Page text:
They would need to make some sort of arrangement of storing map data on the iTouch. iPhone doesn't need to store it because it just recalls maps from Google's servers. There may be rights issues preventing map data from being stored.
post #676 of 735
Quote:
Originally Posted by JeffDM View Post

They would need to make some sort of arrangement of storing map data on the iTouch. iPhone doesn't need to store it because it just recalls maps from Google's servers. There may be rights issues preventing map data from being stored.

Ahhh. You're right. I didn't think of that. Without maps, GPS would be useless. I don't see the iPhone moving away from Google maps either. I guess we won't be seeing an iPod Touch with GPS (because GPS limited to areas with WiFi reception just doesn't make sense). But we're getting off topic. Thats another debate for another thread.

What is this mystery product transition?
post #677 of 735
Quote:
Originally Posted by GregAlexander View Post

Are they? In what way are they using it?
I agree that Im not sure what similar technology Motorola could bring to the party, unless they have some speical way of designing the set top box.... but it just doesn't seem to fit.

Toshiba is using it for hand gestures, to control applications, etc (SpursEngine), the laptop is about $1600.

Quote:
Looks like Toshiba's not too far out from a new Qosmio called the G55, which LAPTOP says is on sale next month for $1,550. Listed among the specs are an 18.4-inch (1680 x 945) display, Centrino 2 CPU, GeForce 9600M GT, 4GB of RAM, dual drives, and the "Quad Core HD processor" (probably the commercial name for the Cell-based SpursEngine), which powers many of the media functions, including its camera-based visual gesture control system.

http://www.engadget.com/2008/06/14/t...ture-controls/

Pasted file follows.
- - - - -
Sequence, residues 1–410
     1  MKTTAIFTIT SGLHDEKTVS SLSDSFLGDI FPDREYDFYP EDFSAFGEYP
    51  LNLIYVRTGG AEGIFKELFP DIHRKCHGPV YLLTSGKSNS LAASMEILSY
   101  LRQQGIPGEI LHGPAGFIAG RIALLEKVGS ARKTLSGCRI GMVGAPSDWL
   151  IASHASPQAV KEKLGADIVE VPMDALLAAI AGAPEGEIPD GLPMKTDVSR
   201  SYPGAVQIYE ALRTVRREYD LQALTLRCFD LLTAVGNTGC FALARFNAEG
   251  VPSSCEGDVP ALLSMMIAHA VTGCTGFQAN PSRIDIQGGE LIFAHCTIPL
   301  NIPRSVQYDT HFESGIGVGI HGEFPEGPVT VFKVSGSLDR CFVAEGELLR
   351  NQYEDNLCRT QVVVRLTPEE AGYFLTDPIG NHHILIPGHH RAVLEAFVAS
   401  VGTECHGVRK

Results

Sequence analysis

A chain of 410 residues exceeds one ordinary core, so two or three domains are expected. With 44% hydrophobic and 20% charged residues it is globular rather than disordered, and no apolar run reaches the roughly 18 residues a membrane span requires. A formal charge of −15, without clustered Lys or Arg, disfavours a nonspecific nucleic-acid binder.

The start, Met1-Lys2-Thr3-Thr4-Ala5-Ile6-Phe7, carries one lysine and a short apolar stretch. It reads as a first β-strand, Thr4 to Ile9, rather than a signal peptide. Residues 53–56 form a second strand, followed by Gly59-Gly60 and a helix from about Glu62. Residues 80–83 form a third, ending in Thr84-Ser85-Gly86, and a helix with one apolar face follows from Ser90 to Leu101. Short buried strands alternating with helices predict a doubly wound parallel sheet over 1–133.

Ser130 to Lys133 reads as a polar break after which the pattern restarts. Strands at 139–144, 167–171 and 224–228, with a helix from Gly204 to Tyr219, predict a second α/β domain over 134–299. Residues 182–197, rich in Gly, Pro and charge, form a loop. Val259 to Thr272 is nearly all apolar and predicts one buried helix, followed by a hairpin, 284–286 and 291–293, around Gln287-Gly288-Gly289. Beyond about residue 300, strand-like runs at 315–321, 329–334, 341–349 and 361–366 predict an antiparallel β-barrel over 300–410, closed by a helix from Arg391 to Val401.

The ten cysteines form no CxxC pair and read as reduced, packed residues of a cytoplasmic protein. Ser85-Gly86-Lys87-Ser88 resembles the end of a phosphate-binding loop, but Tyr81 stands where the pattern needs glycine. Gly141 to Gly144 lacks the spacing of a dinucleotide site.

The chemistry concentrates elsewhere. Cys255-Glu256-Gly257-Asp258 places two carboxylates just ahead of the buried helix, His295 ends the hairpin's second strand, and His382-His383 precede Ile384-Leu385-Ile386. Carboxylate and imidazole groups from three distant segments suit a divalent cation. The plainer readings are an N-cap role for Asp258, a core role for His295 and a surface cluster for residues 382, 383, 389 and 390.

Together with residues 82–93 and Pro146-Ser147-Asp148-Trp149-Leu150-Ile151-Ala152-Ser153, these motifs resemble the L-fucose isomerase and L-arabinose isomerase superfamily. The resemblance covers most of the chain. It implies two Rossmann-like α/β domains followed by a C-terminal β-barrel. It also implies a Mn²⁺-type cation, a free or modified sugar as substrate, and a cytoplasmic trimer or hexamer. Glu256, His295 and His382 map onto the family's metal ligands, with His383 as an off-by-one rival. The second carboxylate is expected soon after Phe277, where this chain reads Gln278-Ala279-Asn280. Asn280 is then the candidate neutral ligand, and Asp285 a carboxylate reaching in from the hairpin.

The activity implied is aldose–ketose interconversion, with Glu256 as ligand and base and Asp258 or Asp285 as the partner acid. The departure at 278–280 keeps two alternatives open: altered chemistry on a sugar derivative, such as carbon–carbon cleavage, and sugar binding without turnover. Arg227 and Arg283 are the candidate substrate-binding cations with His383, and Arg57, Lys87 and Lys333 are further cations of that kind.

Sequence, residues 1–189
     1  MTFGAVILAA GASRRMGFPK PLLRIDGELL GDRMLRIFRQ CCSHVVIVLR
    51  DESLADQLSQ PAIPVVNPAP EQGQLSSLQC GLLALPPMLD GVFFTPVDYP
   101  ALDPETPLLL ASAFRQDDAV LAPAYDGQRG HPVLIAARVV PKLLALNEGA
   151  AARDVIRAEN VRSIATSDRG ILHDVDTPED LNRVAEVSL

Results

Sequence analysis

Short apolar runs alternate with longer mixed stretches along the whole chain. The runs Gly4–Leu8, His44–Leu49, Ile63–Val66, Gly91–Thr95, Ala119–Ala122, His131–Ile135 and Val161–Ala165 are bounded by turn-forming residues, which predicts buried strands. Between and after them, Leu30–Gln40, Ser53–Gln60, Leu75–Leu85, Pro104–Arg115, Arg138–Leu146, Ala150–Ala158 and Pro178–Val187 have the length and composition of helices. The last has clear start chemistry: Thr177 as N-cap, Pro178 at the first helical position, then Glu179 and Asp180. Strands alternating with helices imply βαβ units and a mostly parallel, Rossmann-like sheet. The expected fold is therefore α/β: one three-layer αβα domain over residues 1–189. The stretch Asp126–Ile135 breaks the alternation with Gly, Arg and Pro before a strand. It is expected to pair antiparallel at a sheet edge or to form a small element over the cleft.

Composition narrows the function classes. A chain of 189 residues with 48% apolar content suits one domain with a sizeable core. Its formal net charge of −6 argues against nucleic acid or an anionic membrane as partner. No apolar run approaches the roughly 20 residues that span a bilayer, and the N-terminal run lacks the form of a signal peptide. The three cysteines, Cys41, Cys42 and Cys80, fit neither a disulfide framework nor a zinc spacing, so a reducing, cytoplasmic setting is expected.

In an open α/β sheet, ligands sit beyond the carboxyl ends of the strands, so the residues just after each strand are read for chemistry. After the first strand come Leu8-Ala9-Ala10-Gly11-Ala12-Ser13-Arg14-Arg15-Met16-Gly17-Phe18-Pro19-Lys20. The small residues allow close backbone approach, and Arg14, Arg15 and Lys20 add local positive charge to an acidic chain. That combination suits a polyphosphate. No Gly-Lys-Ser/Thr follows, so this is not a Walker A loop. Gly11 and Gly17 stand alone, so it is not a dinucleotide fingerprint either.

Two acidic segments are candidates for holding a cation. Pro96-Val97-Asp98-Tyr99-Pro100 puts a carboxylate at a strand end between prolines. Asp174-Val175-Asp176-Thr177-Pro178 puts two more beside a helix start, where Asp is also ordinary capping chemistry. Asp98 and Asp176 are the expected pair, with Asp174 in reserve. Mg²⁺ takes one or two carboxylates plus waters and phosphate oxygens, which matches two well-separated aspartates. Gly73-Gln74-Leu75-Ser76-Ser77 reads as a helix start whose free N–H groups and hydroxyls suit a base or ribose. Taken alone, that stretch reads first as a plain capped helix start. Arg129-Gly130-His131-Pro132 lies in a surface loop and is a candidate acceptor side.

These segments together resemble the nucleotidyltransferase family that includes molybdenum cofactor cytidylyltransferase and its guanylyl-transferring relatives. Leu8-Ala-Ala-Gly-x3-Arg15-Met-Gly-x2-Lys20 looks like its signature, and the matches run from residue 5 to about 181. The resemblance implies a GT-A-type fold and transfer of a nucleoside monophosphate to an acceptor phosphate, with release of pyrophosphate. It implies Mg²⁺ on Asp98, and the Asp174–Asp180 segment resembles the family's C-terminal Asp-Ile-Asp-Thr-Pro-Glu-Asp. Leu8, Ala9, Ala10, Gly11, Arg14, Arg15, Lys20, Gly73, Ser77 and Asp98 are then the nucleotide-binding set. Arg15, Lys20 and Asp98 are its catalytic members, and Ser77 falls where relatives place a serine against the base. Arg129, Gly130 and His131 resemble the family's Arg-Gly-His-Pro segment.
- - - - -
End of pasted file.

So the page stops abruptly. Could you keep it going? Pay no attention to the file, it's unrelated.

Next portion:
Can't say that a 16:9, 18" inch display is practical for a laptop however.
post #678 of 735
I really hope that they get new MacBook models this September because I want to get a MacBook for school but I don't want to wait until September is over... and I would hate to wait until December even more (since that's what I've heard).

And hopefully, if I do buy a MacBook before the new ones come out (because it's a necessity for me in school to have before the start of the year) then I hope that they'll figure a way to give the new models out to people who bought right before the new ones came out... I hope they do that instead of some store credit or something like that
post #679 of 735
Quote:
Originally Posted by andrew93 View Post

And hopefully, if I do buy a MacBook before the new ones come out (because it's a necessity for me in school to have before the start of the year) then I hope that they'll figure a way to give the new models out to people who bought right before the new ones came out... I hope they do that instead of some store credit or something like that

I can't say that won't happen but I recommend that you not factor that possibility into your decision process.
post #680 of 735
Quote:
Originally Posted by Mr. H View Post

Sure it has. It's very simple. How can the words "product transition" involving "technology" already introduced to the market by Apple at a high price being reduced in price possibly refer to an entirely new product? Peter said that the "new" product will continue to have technology that competitors can't match. A brand new product cannot continue to have something from before, because "before" doesn't exist for a brand new product.

Omg your going to make have to post some of Oppenheimer's statements here huh? Lemme have my breakfast and take care of some office chores first. BBL.